Slovak Leader Begins Coalition Tussle After Losing Majorityby and
Premier Fico loses majority as nationalist parties surge
Fico searches for ruling partners as repeat vote seen possible
Slovakia’s president will ask Premier Robert Fico Tuesday to try to form a government after inconclusive elections that cost the prime minister his majority in parliament, saw two nationalist parties win seats in the assembly and may lead to a new vote.
Fico’s Smer party won 28.3 percent of the ballot, well below the 44 percent he scored in 2012. Voters elected seven other parties into the 150-seat parliament, giving a fifth of the mandates to nationalist groups that pledged, like Fico, to prevent refugees from entering the country of 5.4 million people. Informal coalition talks are under way and President Andrej Kiska told reporters on Monday he will give the 51-year-old premier the first chance to try to form a cabinet.
With several parties refusing to rule with him, Fico will struggle to create a majority coalition in the euro-area state. If he fails, the baton may then fall to the second-place SaS party, whose pro-business leader Richard Sulik fought against aid to Greece during that country’s debt crisis. Forming any government will be tricky as the parties range from economic liberals to nationalists who have been branded as political pariahs by other parties. Bickering among potential coalition partners broke out during a live television debate on Sunday.
“The voters’ decision has created a complicated situation,” Kiska said in the capital Bratislava in his first reaction to the ballot. “There are several dividing lines between parties. Some can’t be overcome, and it even wouldn’t be right.”
The election result also serves as a warning to European Union leaders who risk stoking nationalist fervor as they rail against migrants and the ills of the bloc. Fico’s anti-refugee campaign, in which he’s joined neighbors Poland and Hungary in denouncing a EU plan to redistribute refugees in the bloc, ignored public discontent over underfunded public services while opening the door to more extreme versions of the message. Migrants, along with the U.K.’s potential “Brexit” and Greece’s economic woes, will dominate Slovakia’s stint at the EU’s rotating presidency that starts in July.
“If any country in the EU believes it can put up walls and lock itself out from the huge instability around Europe, it’s deluding itself and its population,” said Judy Dempsey, a senior associate at Carnegie Europe in Berlin.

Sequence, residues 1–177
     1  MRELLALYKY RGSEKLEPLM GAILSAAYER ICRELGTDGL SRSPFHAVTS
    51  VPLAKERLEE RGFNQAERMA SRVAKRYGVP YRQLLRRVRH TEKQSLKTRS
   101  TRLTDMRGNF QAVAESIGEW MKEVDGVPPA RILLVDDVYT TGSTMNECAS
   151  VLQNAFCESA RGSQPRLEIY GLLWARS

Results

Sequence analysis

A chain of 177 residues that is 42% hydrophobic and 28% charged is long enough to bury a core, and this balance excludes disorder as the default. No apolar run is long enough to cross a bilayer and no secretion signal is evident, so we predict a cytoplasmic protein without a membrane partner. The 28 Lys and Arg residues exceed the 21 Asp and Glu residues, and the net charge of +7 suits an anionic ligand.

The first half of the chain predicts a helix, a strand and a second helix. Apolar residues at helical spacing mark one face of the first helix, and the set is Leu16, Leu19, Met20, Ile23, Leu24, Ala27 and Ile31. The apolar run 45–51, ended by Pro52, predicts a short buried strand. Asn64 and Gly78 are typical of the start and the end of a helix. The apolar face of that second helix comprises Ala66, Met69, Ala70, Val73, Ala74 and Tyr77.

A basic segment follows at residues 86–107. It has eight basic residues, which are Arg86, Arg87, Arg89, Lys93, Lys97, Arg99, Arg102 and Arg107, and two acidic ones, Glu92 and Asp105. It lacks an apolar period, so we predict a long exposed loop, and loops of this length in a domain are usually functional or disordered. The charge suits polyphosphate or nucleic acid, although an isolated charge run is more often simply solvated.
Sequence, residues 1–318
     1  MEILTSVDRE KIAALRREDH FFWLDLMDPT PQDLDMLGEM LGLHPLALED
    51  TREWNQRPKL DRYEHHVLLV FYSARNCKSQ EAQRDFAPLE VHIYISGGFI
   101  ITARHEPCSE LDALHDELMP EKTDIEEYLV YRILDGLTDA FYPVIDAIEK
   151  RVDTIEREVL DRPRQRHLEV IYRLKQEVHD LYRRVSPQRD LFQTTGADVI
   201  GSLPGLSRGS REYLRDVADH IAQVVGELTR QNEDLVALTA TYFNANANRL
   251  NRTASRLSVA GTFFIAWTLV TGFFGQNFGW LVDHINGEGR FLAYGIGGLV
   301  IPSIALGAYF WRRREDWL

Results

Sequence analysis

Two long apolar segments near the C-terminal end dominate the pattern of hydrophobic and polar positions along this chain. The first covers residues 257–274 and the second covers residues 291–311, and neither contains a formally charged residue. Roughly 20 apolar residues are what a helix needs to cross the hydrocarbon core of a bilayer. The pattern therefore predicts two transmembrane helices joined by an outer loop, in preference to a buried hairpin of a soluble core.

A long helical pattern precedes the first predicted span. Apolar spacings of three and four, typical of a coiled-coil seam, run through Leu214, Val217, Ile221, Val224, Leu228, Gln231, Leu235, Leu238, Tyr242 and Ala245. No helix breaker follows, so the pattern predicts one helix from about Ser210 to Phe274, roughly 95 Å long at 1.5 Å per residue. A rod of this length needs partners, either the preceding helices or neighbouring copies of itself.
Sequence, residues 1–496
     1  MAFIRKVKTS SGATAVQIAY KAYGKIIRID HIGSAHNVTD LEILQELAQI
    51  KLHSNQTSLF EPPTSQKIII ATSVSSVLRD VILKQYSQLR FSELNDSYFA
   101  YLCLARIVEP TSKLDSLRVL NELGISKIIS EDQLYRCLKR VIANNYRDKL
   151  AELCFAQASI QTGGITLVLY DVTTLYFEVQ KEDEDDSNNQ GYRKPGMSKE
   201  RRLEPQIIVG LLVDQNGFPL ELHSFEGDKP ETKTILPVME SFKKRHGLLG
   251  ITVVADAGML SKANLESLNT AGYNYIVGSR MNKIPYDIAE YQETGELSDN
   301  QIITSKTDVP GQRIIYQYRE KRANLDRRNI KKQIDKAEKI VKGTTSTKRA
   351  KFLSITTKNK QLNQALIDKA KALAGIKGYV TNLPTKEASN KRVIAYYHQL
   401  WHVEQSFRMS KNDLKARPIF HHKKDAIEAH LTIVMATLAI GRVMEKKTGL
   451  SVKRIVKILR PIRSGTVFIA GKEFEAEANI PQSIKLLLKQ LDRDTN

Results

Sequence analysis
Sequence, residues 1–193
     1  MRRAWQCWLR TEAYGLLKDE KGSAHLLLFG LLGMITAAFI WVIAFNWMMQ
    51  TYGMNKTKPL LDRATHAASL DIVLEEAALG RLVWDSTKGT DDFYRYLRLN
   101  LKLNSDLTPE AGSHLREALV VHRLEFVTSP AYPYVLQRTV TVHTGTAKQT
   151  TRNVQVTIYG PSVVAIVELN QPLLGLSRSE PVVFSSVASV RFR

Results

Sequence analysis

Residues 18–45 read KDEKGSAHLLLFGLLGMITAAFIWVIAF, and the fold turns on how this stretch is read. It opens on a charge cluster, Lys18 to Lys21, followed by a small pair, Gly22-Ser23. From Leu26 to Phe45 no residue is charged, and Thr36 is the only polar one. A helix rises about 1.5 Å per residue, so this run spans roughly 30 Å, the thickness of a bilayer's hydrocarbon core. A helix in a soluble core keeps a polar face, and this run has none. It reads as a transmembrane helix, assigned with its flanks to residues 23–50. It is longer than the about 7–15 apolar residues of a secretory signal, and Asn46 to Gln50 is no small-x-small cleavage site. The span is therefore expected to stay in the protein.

Despite having presided over booming growth, which accelerated to 4.2 percent in the fourth quarter from a year earlier, Fico’s support fell during his four years in power. While his main focus remained on migrants and increasing benefits, he faced strikes from teachers and health workers, who complained his administration had left them behind.
The election’s biggest surprise was the rise of the Slovak National Party and the far-right People’s Party, led by Marian Kotleba, a former high-school teacher who’s been indicted for inciting racial hatred. While the charges have been dropped, other parties have labeled him as an unacceptable coalition partner. Kotleba, like one of the Slovak National Party’s past leaders, has praised Jozef Tiso, president of the Slovak fascist satellite state during World War II, a regime that sent tens of thousands of Jews to Nazi concentration camps.
The president omitted Kotleba in talks as he was holding meetings on Monday with all of the other leaders of parties that made it to parliament.
Slovakia’s benchmark 2025 bond rose, pushing the yield down 1 basis point to 0.48 percent. The yield has declined by about 1 percentage point from its June 2015 peak, as the European Central Bank’s asset-purchase program boosted demand for the debt at a time when the shrinking budget deficit is cutting its supply.
“The fundamental picture isn’t going to change, and bond yields have been influenced by QE anyway,” Marek Drimal, an economist at Komercni Banka AS in Prague, said by phone.
“So even a year-long stalemate or caretaker government wouldn’t be a problem.”
Any comfortable coalition hinges on whether the Most-Hid party, mainly representing Slovakia’s ethnic-Hungarian minority, will enter a pact with the Slovak National Party, Sulik has said. Even as his SaS party has ruled out cooperation with the premier, Sulik said he could imagine a six-way coalition if former foes can overlook their differences.
Most-Hid leader Bela Bugar poured cold water on that vision already on Sunday, saying his party can’t work with the Slovak National Party, which has clashed with the country’s Hungarian minority in the past and whose time in power with Fico was tainted by corruption scandals. Early elections can’t be ruled out, Bugar said.
Along with the SaS, the Ordinary People and We Are Family parties also said they’ll refuse to work with Fico in government. Siet Chairman Radoslav Prochazka joined them Monday, saying his party “has no reason” to talk to Smer about a coalition. Nevertheless, Fico, who attended a summit of EU leaders in Brussels on Monday, has vowed to push on with forming a coalition.
“There’s a winning party, and its sole responsibility is to attempt to try to form a government,” Fico said in a television debate on Sunday. “What would early elections solve in such a short time?”